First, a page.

My 10 Border Crossings

  • What you might risk by crossing a remote borderBorder Chile-Bolivia. Chilean authorities "soft way" to warn travellers about Bolivian food risks
- you're never sure  if you re going to make it
- you might have to spend a night in a blizzard or a sandstorm
- you might get killed or robbed by officials on both sides
- you're going to get new friends like smugglers or corrupt officers
- you might have to buy fake exit stamps to be able to enter a country or simply to get back home- people who want you to change money or carry your bags might get angry if you say no

  •  Practical tips
- Dress poorly, officials might get envious- Don't overstay your visa (25 US$/day in Indonesia, jail elsewhere)
- If the immigration officer ask for money, pretend not to understand
- Be ready to spend a long time arguing with immigration and customs officials on both sides, so don't cross just before shutting time
- If a custom officer takes a small thing from you, chewing gum, biscuit, don't protest, let go. Realize it's nothing as he could take all if he wanted
- Don't bring a lot of cash if you are entering a country which is not under embargo (aka Iran, its banking system has no link with the outside world, so ATM wont work)
- Place on top of your bag your dirty socks... it helps evade officials curiosity
- Don't transport fresh food across borders in South America, penalties are harsh
- Police dogs are well trained to sniff drugs, wash everything which has been accidentally in contact with any kind of drug substance
- Smile all the way and have fresh breath
    I will be happy to get your feedbacks and stories about these tips

In the following pages, I will tell a few stories of what happened to me while crossing borders or staying in border towns, around the planet. My intention is to help the reader understand better these FASCINATING zones, and try to explain why they are so special. 
By doing this, I hope to understand also why I am so  attracted by them.
Why people living there, working there, officials, traders, smugglers, are different from the rest of the "mainlanders"? What have they in common with "us"? How they interact together?

  • Soon to come
  1. Shymkent (Kazakhstan)/Taskent (Uzbekistan) & Finland/Russia
  2. Amritsar (India)/Lahore (Pakistan)
  3. Pasto (Colombia), Copacabana (Bolivia), Tumbes (Peru), P Arenas (Chile), Iguacu (Brazil)
  4. Si Phan Dom, thousand islands (Laos/Cambodia) & Nong Khai (Thailand), Vientiane (Laos), Friendship bridge & Thai/lao border Hat Yai (Thailand)/ Penang (Malaysia)
  5. Mostar (Bosnia)/Dubrovnik (Croatia)

Turkey/Iran - Befriending Human Traffickers

posted Oct 14, 2011, 3:16 AM by Gilles Depardieu   [ updated Oct 18, 2011, 10:19 PM ]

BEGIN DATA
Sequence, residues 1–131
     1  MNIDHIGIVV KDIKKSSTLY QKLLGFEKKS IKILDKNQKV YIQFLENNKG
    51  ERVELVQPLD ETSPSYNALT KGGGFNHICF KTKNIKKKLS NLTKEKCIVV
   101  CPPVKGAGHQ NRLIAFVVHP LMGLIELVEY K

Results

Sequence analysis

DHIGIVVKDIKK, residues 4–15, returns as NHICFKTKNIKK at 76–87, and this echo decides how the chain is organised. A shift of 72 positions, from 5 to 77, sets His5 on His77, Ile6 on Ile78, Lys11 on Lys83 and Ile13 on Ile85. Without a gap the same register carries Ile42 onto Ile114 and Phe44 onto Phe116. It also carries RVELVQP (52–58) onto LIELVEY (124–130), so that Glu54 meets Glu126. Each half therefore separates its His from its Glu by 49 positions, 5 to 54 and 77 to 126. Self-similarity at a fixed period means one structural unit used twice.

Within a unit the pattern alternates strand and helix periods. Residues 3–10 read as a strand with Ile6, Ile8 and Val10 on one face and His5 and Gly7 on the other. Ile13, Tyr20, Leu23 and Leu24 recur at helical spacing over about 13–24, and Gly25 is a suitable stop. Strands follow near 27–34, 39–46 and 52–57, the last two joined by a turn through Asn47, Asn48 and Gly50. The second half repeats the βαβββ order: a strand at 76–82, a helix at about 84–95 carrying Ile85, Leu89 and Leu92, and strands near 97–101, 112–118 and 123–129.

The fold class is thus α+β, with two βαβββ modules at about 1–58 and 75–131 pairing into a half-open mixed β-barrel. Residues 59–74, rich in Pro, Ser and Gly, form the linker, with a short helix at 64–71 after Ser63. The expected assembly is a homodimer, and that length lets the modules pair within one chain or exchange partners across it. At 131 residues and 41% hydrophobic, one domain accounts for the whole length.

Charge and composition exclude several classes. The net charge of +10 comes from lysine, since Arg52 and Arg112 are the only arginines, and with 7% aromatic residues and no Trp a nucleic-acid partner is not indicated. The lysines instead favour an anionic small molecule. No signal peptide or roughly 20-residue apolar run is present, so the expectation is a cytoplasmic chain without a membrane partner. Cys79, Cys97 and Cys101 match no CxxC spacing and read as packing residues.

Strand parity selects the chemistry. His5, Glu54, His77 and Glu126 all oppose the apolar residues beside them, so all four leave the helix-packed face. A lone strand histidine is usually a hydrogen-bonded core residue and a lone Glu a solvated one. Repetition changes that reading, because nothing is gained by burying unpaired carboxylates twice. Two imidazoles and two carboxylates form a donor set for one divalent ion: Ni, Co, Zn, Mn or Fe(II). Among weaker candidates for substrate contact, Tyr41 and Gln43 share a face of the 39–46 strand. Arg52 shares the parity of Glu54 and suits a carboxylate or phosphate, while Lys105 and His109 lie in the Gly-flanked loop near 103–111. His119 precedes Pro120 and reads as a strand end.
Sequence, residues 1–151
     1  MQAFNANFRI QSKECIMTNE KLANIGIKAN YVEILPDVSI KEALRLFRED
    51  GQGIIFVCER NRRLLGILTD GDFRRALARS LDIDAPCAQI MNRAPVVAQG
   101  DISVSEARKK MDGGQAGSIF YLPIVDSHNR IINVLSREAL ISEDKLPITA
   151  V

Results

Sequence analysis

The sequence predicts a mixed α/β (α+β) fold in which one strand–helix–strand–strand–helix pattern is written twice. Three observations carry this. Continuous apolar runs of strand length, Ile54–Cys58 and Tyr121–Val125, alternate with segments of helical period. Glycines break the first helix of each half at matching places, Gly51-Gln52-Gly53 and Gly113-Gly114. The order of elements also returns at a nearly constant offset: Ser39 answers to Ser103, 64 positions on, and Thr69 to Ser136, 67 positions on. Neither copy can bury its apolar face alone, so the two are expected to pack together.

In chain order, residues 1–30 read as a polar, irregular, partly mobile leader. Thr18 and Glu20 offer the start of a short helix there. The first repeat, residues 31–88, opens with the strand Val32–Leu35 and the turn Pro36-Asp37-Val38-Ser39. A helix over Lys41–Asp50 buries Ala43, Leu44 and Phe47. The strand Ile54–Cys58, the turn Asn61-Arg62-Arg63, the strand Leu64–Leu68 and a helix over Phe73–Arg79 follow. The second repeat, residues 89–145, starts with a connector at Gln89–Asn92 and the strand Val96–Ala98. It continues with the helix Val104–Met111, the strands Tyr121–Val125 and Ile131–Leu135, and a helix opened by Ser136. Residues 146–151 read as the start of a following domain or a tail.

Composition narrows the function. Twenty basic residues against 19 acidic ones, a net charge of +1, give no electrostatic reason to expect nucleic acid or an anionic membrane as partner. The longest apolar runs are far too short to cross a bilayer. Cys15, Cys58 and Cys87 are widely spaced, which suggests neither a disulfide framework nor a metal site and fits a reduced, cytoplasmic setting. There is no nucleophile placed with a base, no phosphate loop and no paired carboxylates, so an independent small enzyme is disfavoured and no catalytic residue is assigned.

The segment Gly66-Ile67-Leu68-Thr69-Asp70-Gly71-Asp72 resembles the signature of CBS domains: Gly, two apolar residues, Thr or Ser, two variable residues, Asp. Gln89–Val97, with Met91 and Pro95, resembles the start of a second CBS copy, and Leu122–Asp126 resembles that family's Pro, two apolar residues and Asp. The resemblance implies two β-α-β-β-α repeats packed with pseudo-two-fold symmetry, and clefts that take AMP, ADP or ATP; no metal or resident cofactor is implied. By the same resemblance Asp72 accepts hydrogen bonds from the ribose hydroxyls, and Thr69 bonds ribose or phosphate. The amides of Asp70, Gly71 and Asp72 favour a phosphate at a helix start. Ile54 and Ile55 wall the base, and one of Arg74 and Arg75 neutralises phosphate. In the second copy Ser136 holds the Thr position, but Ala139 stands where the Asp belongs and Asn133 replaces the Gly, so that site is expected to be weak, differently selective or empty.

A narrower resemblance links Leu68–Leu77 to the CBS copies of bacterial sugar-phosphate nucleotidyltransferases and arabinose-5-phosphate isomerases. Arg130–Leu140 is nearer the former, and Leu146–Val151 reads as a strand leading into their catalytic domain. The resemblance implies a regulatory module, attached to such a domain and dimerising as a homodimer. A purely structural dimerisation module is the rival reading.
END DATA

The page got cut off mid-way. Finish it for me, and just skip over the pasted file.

2004. I arrived early morning from Ankara by bus  in Dogubayazit, the Kurdish capital of Turkey, dominated by the twin Ararat volcanoes. Looking at them, I couldn't stop imagining seeing Noe's Arch between the 2 summits [see pic]. I was still dizzy from the 18h long bus trip probably. After a few turkish coffee, I didn't need to eat more, and I decided to "visit" the city, meaning I just wandered through 2 empty streets without any kind of interest. So when a  taxi asked me if I wanted to go to the Iranian border, I immediately accepted. 

The impressive police & custom buildings on both sides looked empty at 7am. A yawning guard opened the small lock attached to the border gate. At every border post on the silk road, between Iran and Pakistan or between India and Pakistan, I had the same weird feeling, that between these huge countries, I was almost the only one to cross during the whole day. It 's probably one of the reason why Iran is so interesting, being a closed country under embargo [foreign credit cards are useless for instance], people are really interested in talking with foreigners. During my painless crossing, I spotted a short, round guy, who was busy with officials. He asked me if we could take the bus together to Tabriz, a long way further East. I nodded. After the usual oriental salutations, he told me that he was Kurdish and that like many of his fellow countrymen, he was a smuggler. A smuggler in Chinese girls for the brothel of Europe, he told me. He advised me to stay in his "friend" hotel. We agreed to see each other in Tabriz during the next few days. I remembered that Nicolas Bouvier, the Swiss writer, who drove all along the South Silk Road 50 years ago, had stayed almost a year in Tabriz, so I assumed it was an interesting city.

The day after, I went to the Big Bazar, a city highlight, and visited the tourist centre. Beside the office manager, a jovial middle age guy, wearing a Tommy Hilfiger polo, was drinking a tea. "I am German, my name is Hans and I live here", he told me. Because he was smiling, I decided to believe him. I was wrong.
He fixed a meeting for the evening in a new Tabriz neighborhood. I joined him there, and he was already with a male student friend, Yashar, talking together in farsi. After a few teas, talking in perfect English, Yashar invited me to his university, to make a speech in the English class, the next morning. I will later discover that all tourists in Iran are asked to visit language courses. Students are so friendly, that I will do this almost everyday during my 1 month stay in Iran.
"Let's hunt", my new friends say. We wandered through the relatively "bourgeois" area. I spotted a lot of women in sport attire. Hans was talking to almost all of them, as well as properly dressed women, presenting both of us as Germans visiting the country, and Yashar as our guide.
I later discovered that women in sport clothes were prostitutes [dangerous job in Iran, as everyday some are executed, usually execution pics are displayed in newspapers coverpages to "educate" the rest]. As for the others, the well-educated ones, Hans germanity was rapidly a subject of joke among them, but they were friendly, and were usually happy to chat with our little group or come have a tea with us [see pic]. The Iranian "Hans" explained to me that he was single, which at 40 years old is a difficult situation in Iran, especially without enough money to pay the "women in sport clothes". He needed some excuse to talk to the well-dressed women, and as a newcomer, I was the perfect "excuse". I understood now why he was waiting all day in the tourist office, I have not been the first tourist bait.